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Trudeau to help law students find internships, but stays firm on Meng

Thursday, June 25, 2020 @ 3:31 PM | By Terry Davidson

Extended opportunities for out-of-work students — including those studying law — and stronger language on why Canada cannot give in to Chinese demands to release Meng Wanzhou were featured in Prime Minister Justice Trudeau’s latest address to the nation.

On June 25, following two days of no updates, Trudeau launched the Canada Student Service Grant (CSSG), a program unveiled in April that will use volunteering as income opportunity to post-secondary students and recent graduates struggling to find summer work due to widespread economic shutdowns caused by the COVID-19 health crisis.

The program runs until Oct. 31.

Prime Minister Justice Trudeau

As he did in April, Trudeau said the volunteer aspect of the CSSG could see students receiving between $1,000 and $5,000 for their time.  

According to the program’s webpage, the amount they will be given is contingent on the number of volunteer hours they put in. A student will receive $1,000 for every 100 hours, up to a maximum of 500 hours and $5,000. (Payouts only happen in increments of $1,000, the site notes.)

The Canadian Federation of Students (CFS) was quick to criticize the CSSG, stating it took too long for the program to start.

“While the program was announced in April, it took two months for the government to announce the details and open the application process,” said the CFS in a statement. “Because of the delay, students looking to receive the $5,000 grant would have to volunteer an average of 27.8 hours per week until October 31 to receive the full amount, which will not be possible for many students. For those who have already been volunteering since April, they will not be able to claim those hours towards the grant. Also, students over 30 and international students are ineligible.”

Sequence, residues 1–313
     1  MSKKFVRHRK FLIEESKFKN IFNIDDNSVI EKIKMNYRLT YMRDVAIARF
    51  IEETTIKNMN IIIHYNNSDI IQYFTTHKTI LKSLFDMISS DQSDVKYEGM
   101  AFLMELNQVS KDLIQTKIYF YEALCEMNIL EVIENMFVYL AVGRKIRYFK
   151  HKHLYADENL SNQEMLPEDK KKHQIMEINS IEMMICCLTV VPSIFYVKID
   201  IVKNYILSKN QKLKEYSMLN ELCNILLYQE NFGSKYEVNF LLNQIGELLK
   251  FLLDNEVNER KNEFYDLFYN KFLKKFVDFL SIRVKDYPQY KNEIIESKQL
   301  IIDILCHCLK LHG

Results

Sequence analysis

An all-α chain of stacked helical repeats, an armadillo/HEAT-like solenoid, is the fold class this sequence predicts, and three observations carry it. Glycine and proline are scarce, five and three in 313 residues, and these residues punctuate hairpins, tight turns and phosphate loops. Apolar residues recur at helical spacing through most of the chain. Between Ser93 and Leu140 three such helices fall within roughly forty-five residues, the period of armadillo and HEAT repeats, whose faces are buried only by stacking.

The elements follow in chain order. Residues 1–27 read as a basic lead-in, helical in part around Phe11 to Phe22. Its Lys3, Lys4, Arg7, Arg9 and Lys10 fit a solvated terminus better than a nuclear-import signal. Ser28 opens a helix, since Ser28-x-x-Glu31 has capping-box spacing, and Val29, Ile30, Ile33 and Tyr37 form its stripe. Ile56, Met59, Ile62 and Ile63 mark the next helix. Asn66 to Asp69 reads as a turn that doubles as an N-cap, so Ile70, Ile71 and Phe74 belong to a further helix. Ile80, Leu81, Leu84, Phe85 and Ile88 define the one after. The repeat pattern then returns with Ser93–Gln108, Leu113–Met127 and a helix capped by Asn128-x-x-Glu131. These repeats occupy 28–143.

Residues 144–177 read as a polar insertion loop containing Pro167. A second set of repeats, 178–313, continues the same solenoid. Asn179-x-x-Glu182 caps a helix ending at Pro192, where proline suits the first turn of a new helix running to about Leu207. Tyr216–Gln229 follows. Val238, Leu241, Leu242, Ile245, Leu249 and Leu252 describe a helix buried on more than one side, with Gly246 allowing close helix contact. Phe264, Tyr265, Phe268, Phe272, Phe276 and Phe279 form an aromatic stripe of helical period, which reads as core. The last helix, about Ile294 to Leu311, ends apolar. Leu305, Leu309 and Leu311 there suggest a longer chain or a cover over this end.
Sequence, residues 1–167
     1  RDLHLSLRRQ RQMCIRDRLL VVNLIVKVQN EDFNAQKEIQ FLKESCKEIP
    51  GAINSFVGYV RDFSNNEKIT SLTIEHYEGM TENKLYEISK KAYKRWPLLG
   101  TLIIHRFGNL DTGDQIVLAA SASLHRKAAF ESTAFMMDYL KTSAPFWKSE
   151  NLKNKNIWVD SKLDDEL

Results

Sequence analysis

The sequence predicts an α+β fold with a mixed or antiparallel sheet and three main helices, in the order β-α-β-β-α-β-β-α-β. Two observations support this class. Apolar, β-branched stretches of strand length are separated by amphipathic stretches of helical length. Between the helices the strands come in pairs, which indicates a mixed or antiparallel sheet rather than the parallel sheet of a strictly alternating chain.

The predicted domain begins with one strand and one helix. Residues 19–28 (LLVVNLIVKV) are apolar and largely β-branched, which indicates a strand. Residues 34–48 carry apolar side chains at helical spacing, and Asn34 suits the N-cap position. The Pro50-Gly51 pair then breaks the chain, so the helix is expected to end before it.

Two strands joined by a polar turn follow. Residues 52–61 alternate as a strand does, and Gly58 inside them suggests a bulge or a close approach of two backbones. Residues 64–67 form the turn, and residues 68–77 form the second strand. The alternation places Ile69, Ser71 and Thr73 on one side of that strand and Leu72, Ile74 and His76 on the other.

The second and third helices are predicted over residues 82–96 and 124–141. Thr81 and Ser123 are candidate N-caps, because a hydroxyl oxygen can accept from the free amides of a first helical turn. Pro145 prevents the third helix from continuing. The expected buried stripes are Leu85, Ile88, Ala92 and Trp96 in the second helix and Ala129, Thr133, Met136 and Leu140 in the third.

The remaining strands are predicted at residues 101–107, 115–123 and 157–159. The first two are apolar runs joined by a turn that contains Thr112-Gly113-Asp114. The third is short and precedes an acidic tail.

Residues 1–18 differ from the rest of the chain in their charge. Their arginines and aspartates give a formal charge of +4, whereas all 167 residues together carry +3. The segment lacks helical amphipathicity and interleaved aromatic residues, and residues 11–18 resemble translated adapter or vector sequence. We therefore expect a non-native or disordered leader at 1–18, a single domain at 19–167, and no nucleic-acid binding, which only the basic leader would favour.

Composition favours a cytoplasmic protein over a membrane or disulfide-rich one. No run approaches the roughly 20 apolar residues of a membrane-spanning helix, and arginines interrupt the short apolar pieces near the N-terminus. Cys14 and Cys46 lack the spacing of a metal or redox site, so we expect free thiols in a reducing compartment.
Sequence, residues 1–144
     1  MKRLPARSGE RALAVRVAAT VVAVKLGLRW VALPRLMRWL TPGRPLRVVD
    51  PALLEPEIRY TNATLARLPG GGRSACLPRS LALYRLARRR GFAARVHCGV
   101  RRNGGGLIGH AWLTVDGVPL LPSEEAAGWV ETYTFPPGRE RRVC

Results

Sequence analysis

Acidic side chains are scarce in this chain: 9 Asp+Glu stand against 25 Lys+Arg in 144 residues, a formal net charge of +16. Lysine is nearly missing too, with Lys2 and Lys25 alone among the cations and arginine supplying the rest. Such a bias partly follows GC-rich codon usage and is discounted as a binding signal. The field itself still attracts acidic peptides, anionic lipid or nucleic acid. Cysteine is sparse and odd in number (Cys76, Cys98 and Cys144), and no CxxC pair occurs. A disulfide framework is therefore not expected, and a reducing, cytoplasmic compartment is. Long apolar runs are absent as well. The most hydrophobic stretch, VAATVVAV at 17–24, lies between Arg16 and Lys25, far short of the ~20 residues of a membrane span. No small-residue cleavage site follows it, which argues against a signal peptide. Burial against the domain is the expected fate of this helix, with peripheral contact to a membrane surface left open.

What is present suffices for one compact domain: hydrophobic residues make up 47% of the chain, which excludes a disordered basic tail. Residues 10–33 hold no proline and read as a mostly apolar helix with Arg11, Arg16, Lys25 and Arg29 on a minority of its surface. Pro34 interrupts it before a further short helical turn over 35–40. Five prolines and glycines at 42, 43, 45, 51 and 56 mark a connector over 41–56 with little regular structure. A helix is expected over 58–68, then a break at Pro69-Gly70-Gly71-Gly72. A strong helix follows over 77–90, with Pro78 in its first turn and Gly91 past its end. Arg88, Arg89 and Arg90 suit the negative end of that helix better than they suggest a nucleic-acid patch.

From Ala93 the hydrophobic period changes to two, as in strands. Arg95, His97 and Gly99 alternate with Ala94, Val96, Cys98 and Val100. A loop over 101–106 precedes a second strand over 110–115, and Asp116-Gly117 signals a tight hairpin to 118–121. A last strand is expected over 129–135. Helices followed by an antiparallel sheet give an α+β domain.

Also, Trudeau said that as part of his government’s overall $9 billion aid package to students funding is being given to a Canadian not-for-profit that connects university students with internships.

With that money, Mitacs, a research and training organization, will widen its program to include more fields of study, including law.  

“Our government will … invest $40 million to create 5,000 Mitacs internships for post-secondary students as part of our $9 billion plan to help students during this crisis,” said Trudeau. “Mitacs is an [organization] that builds partnerships between universities and industry. … Usually, Mitacs caters to researchers or PhD research students, but with the funding we’re announcing today, they’ll expand their internship opportunities to undergraduate students and students in the professional programs, like law, medicine or business.”

After his address, Trudeau faced inevitable questions about Huawei telecom executive Meng Wanzhou, who was arrested in Vancouver in late 2018 on an extradition request by the United States, where she faces fraud charges.

Reporters pointed to a letter recently sent to Trudeau by a group of high-profile Canadians, including senior diplomats and former parliamentarians, who are calling on Justice Minister David Lametti to end Meng’s extradition proceedings as a way of possibly securing China’s release of two Canadians taken into custody there shortly after Meng’s arrest in Vancouver.

The letter reportedly noted a legal opinion from Toronto criminal lawyer Brian Greenspan, who said the federal government is wrong in its claim that it has no legal authority to intervene in Meng’s extradition case.

“I respect the distinguished Canadians who put forward that letter, but I deeply disagree with them,” Trudeau said. “The idea of solving a short-term situation by creating a precedent that demonstrates to China that all they or another country has to do is randomly arrest a handful of Canadians to put political pressure on a government … would endanger the millions of Canadians who live and travel overseas every single year. We cannot allow political pressures, or random arrests of Canadian citizens to influence the functioning of our justice system. So, I respect these individuals, but they are wrong in their approach.”

As he has done before, Trudeau said that the independence of Canada’s justice system must be respected.

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